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"This is one major mega-catastrophe." A baritone voice.
"Ill get the Oldsmobile." Almost a falsetto.
"Youll get the what?" boomed the baritone. "Theres armed cops outside this goddamn warehouse. You aint heard the sirens, the megaphone." Once again the megaphone demanded they walk out, hands held high above their heads.
"We gotta get outta here," the falsetto came back, now in a whimper.
"You open that door one inch and they gun you down in one nano-second," boomed the baritone, " and then they storm in here and they take us out." He was fingering his handgun dangerously. A huge man, beefy foreams bowed, a sailor ready to brawl
"Lighten up guys." A melodious voice, a tenor. The tenor jumped lightly off a forklift truck he had been exploring. He moved some packing cases together to improvise seats. "OK, guys. As long as that megaphone keeps it up, we got time to plan. Sit down." The three of them sat on the packing cases and faced one another.
"This is one major screw-up," repeated the baritone.
"Youve already said that," responded the tenor. "Anyone worked out whats in here."
"Mostly newsprint," said the falsetto. "I know this place."
"And what are these buildings outside?" asked the tenor.
"Road in, road out, front and back. Left is commercial. Right is residential," the falsetto answered. The megaphone continued with its demands from outside.
"So this is gonna burn well," said the tenor.
"You what?" yelled the baritone. "You crazy? We smoke ourselves out of here? Save them the trouble?"
"OK, guys. Now listen up. This is the plan. We start the fire by one of those vents up there. Smoke will billow out like the whole buildings going up. They got no choice. They gotta get the fire department before we roast those turkeys in the neighbouring buildings."
"So what about us?" The falsettos voice was not that of a man convinced by this logic.
"How many are we?" asked the tenor.
"You know how many we are," roared the baritone. "Three."
"But thats not what theyre gonna think with the firepower we packed in the bank and the police cars we shot up in the chase. We had two automobiles. We could be as many as ten. Not for one second do they think we are three guys." The tenor spoke evenly.
"So what the hell kind of difference does that make?" countered the baritone.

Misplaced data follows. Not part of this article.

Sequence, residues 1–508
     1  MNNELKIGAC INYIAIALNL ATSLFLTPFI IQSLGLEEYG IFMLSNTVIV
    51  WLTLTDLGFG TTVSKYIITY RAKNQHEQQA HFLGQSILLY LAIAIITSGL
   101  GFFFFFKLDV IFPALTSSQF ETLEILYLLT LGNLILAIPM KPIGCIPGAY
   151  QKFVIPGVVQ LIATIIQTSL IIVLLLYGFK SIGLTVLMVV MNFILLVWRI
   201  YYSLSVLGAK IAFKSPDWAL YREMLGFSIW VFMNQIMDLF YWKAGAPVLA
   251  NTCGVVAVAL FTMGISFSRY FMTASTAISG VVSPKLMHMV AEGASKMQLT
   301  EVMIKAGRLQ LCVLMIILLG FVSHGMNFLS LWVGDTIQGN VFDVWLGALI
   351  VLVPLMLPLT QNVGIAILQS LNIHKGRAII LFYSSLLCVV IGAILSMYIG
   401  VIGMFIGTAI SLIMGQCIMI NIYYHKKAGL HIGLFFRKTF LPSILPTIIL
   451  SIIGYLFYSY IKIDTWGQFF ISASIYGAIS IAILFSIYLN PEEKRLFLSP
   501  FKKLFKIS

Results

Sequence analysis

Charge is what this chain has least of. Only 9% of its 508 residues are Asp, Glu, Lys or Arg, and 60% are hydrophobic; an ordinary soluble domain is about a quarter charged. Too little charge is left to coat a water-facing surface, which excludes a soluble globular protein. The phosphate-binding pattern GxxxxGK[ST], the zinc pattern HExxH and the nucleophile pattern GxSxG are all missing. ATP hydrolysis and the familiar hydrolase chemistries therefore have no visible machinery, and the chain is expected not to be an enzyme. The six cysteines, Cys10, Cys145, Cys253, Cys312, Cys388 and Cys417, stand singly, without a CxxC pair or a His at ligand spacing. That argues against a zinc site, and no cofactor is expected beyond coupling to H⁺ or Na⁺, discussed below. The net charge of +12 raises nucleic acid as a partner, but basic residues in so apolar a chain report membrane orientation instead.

"This is what were gonna do. You two guys are gonna put on those warehouse coats hanging over there. Im taking you hostage. As soon as we know a fire truck is outside, Im gonna act like were smoked out, and come out with guns at your heads, screaming that Im gonna negotiate for all of us. Theyre gonna think the rest of us are still in the warehouse, covering me and the hostages."
"So what the hell does that do for us?" the baritone protested.
"This is what the hell it does for us," said the tenor. "We walk past the fire truck. If theres a guy in it, we take him hostage. If there isnt we take the truck. If we cant get the truck started, we grab ourselves our personal fire-fighter. Either way we bang straight through the cops blasting at everything that moves or doesnt move, heads, chests and police cars."
"That is one plan!" The baritone was so taken with it, particularly the blasting at the cops bit, that he even omitted his habitual expletives.
"But where do we go?" asked the falsetto. "Fire trucks dont outrun police cars."
"Theyre gonna be affected by two things: shock when we storm the fire truck; and lead, as in bullets, when we blast them as three, when they think its only one of us and two hostages. Also theyre gonna be concerned about the guys still in the warehouse, as they wrongly think, packing mighty firepower. Theyll probably think the bullets are coming from there. The one thing we did right on this job was to pack the firepower. Theyll lose valuable seconds, deciding what to do. Nobody is gonna act without orders in this situation. You got that?"
"I got that," said the falsetto.
"So," the tenor continues, " we strap ourselves in the truck, real tight, like good boys, and head for the shopping mall three blocks down. But we dont want to draw attention to ourselves, so we go in the back way. And when I say the back way, I mean straight through the wall at the back. Theres gonna be mayhem when our truck ploughs through the mall: merchandise strewn all over the place; shoppers screaming and running for their vehicles in the parking lot. So we are just three ordinary guys, and like everybody else, we just get the hell outta there. Anyone see any weaknesses?"
Outside Captain Kinley was on the radio updating the situation.
"We got the rear covered. Im at the front. We got men moving into all the adjoining buildings and on the roofs. No contact yet. Any news on how many they are? What? Someone must have seen something. Dead? Six at the bank. What about our guys? Six cops down! Jesus. Just tell me and well storm these bastards right now. No, I dont know if there are any workers inside. Yeah, were still clearing civilians from the adjoining buildings. Give it ten minutes and everyone will be in position."
He turned to Lieutenant Ralphs.
"This is one bloodbath," said Ralphs.
"Yeah, but I think weve got these guys now, as long as we stay cool," the captain responded. "Jesus, theres smoke coming out of there!"
The captain was straight back on the radio. The deliberation was brief. The adjoining buildings were not yet evacuated. The warehouse was a high fire risk. They had to call in the fire trucks. How the hell was he going to keep the trucks covered?